Manchester Union, 1937 BY DR. WILLIAM MANDREY
IN FEBRUARY 1937 an honored citizen of Newmarket, aged 89, died in the old family home in which he was born. He was Channing Folsom, a man who had devoted his life to the cause of education; a leader whose untiring efforts resulted in the creation of a richer and better school program for the children of the state. As superintendent of public instruction from 1898 to 1904 he diligently labored to raise New Hampshire’s educational standards. In this struggle he fought against apathy, indifference and strongly entrenched private interests.
THE FOLSOMS were among the first to settle in the state. Because of the active part played by several of its members the family was well known for its leadership. Channing’s father, a country doctor, wanted his son to have an excellent education. From his meager savings he sent him to Phillips Exeter and then to Dartmouth. But the funds were insufficient and the young scholar was seriously handicapped by poor vision. As a result, the plans for college had to be abandoned. Channing decided to be a teacher and for the next three years he taught in Massachusetts, returning to his native state after receiving a position in Portsmouth. Then came a call from Dover to become the principal of the Belknap school. Meanwhile the trustees of the Elliot school in Boston heard of the success of the young schoolmaster and made him an attractive offer which was accepted. For the next five years he served as a master at that famous school.
MR. FOLSOM ENJOYED his work at Boston and in all probability he would have remained at the Elliot school if the superintendent of schools at Dover had not resigned. The school board remembered the excellent work Channing Folsom had done as principal of the Belknap school and asked him to return to accept the position of superintendent. Folsom accepted and for the next 16 years he ably directed the school program at Dover. The years from 1882 to 1898 witnessed many decided changes in both policies and methods and under the capable supervision of Superintendent Folsom the public schools of Dover made noteworthy progress.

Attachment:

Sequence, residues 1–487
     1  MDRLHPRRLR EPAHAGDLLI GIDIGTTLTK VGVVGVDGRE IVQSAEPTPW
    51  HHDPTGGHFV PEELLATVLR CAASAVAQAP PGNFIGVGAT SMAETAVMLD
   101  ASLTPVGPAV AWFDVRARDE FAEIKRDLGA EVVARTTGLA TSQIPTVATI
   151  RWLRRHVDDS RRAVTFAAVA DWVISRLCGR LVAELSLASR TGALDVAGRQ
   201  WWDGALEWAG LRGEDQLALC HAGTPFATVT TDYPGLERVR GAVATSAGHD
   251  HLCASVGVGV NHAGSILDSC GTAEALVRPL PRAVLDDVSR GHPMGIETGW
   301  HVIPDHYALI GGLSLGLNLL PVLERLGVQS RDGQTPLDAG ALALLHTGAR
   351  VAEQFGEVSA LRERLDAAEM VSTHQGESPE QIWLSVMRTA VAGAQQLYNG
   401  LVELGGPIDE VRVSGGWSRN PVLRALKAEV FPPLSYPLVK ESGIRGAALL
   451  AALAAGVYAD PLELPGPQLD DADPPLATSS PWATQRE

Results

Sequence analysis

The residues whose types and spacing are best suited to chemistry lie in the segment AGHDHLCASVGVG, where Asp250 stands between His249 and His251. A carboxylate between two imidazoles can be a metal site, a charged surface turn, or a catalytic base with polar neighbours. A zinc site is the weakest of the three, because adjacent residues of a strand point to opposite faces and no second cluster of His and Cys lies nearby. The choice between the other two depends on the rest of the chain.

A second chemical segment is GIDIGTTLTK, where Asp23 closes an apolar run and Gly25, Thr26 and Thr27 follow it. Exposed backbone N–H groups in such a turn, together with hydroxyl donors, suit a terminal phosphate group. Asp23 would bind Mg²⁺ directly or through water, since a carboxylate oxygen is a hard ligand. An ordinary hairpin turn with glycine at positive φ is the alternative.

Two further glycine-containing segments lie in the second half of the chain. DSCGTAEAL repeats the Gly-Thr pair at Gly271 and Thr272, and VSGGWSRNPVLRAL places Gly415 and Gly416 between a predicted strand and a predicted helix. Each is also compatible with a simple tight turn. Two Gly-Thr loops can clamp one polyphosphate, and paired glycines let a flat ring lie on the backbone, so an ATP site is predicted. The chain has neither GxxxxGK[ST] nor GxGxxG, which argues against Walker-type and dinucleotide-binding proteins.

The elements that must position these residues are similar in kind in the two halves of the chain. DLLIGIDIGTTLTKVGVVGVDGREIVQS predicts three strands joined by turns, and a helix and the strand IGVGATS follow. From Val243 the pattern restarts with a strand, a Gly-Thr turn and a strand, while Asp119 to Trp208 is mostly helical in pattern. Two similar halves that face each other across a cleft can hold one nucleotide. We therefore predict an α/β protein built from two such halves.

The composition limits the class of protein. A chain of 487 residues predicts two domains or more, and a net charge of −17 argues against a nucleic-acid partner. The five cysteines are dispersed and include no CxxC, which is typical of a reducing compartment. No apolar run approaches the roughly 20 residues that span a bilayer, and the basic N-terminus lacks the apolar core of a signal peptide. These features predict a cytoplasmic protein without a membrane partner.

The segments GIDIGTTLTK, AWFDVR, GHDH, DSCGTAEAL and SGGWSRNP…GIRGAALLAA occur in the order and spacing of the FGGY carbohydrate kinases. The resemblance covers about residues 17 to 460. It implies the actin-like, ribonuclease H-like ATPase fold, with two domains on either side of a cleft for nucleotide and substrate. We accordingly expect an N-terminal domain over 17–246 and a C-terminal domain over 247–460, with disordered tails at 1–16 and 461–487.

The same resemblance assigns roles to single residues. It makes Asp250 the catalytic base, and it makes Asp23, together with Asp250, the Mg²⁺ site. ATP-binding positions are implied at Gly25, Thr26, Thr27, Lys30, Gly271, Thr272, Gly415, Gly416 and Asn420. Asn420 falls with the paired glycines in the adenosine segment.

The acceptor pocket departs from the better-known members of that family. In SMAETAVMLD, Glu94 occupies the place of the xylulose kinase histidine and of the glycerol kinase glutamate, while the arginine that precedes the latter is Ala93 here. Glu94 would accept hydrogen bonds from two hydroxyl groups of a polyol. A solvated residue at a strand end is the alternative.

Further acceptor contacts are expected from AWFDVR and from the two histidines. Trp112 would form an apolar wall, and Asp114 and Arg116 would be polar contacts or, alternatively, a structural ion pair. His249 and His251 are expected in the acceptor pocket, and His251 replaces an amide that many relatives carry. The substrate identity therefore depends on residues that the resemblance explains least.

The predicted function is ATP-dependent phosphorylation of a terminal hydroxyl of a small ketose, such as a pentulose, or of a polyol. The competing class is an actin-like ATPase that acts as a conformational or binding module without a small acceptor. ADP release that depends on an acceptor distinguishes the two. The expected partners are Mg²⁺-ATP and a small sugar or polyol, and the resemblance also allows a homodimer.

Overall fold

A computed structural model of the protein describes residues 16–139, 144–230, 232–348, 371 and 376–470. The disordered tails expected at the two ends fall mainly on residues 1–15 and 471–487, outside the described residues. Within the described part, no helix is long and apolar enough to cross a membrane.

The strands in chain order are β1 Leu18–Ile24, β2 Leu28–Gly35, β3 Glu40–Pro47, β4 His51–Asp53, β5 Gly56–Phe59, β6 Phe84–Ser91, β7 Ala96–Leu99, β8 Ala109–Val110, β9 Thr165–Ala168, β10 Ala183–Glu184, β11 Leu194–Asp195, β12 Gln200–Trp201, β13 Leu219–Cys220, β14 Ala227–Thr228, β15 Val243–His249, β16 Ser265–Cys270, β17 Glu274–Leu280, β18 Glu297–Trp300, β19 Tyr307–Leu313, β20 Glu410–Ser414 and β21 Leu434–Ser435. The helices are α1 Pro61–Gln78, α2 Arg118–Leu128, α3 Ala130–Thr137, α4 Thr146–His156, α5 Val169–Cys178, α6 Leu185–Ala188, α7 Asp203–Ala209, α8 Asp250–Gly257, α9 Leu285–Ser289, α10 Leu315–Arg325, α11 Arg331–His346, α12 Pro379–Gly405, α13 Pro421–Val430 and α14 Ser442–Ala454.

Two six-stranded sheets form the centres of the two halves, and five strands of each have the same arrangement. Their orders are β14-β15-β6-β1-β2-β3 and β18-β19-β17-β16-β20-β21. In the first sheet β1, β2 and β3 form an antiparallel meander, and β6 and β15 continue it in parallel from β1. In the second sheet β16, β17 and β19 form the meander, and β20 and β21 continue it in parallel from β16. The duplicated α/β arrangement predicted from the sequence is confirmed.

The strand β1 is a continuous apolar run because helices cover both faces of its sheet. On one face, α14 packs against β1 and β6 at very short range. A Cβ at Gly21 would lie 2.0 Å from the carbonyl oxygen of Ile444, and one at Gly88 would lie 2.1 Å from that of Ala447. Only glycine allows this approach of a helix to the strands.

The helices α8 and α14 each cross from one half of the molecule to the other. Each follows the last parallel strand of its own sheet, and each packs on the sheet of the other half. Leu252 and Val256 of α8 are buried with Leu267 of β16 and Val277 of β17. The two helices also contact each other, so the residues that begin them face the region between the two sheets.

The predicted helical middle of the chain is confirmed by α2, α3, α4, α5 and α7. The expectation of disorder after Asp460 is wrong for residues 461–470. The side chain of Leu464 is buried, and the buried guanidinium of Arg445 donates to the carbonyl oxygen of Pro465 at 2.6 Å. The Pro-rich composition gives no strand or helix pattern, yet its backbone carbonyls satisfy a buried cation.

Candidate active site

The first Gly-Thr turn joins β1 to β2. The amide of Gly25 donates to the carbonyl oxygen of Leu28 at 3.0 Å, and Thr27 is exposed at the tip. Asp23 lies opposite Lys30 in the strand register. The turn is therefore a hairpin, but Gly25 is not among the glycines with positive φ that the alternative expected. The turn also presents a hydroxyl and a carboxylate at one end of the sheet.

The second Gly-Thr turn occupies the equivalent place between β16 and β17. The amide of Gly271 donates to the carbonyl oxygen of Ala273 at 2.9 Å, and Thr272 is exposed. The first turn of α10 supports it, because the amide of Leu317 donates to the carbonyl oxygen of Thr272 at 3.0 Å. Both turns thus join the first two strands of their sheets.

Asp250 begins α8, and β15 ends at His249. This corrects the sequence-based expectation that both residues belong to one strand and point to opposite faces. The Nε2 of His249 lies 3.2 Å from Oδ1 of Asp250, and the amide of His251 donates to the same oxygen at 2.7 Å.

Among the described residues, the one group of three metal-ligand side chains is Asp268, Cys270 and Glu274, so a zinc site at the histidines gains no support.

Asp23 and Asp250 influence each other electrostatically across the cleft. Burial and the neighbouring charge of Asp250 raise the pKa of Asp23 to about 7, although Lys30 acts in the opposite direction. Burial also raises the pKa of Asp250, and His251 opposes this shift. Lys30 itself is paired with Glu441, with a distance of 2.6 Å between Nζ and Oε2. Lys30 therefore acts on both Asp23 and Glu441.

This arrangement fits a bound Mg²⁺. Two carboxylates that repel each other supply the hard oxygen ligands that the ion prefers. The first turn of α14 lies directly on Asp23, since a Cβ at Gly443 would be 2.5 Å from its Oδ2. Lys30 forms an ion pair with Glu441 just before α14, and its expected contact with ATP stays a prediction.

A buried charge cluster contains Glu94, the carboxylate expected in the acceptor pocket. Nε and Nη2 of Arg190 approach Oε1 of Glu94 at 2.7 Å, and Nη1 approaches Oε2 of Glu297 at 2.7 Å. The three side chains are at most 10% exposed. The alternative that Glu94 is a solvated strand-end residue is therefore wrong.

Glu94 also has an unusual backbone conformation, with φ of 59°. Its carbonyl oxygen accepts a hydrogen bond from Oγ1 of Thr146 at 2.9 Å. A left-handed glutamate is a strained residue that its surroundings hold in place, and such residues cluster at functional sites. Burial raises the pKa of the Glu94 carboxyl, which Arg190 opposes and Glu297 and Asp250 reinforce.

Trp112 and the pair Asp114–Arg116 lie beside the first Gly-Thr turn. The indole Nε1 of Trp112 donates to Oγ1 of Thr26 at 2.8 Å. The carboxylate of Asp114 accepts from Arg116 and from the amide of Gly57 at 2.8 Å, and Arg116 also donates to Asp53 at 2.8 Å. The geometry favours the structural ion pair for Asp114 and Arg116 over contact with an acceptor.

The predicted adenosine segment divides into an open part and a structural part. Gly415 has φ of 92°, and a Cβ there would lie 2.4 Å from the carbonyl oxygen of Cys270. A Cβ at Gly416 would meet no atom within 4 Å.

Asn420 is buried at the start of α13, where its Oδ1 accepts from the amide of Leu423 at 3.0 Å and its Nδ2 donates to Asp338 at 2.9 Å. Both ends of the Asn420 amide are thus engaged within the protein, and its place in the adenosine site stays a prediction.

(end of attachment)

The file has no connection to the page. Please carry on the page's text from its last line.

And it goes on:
IN 1898 FRED COWING resigned his post as superintendent of public instruction. After interviewing several outstanding candidates the members of the state Board of Education were convinced that they could find no educator who possessed better qualifications than the superintendent at Dover. Channing Folsom accepted their offer and with the same patient, persistent effort and sound judgment which characterized his administration at Dover he began at once the task of raising the educational standards of the state.
A NATIVE WHO THOROUGHLY UNDERSTOOD popular wishes, he first attempted to arouse the interest of the people. He realized that many communities could not support the kind of schools they wanted because of their limited resources.
He advocated state aid to these communities. He drafted the so-called “Grange School Law” which called for an annual appropriation by the state of $25,000 for needy districts. His impartial and fair distribution of the funds won the support of those leaders who fought the proposal. He then labored to secure a better system of supervision of instruction in the poorer school districts and set achievement standards which high schools must meet to merit approval.
MR. FOLSOM was no “faddist”; he was a practical school man who insisted upon a mastery of the fundamentals. Realizing that tuition rates and the narrow limits of the curriculum deprived many students of a high school— education, he launched a vigorous campaign to eliminate tuition and advocated courses in business and industrial education. He fought for the enforcement of attendance laws, prosecuted callous employers who defied the child labor laws and encouraged the establishment of evening classes where young and old could learn after working hours. For six years Channing Folsom labored vigorously and tirelessly to raise the educational standards of the state. His gallant initiatives laid a firm foundation upon which others could build. His courage and zeal did much to develop a splendid system of state wide education.
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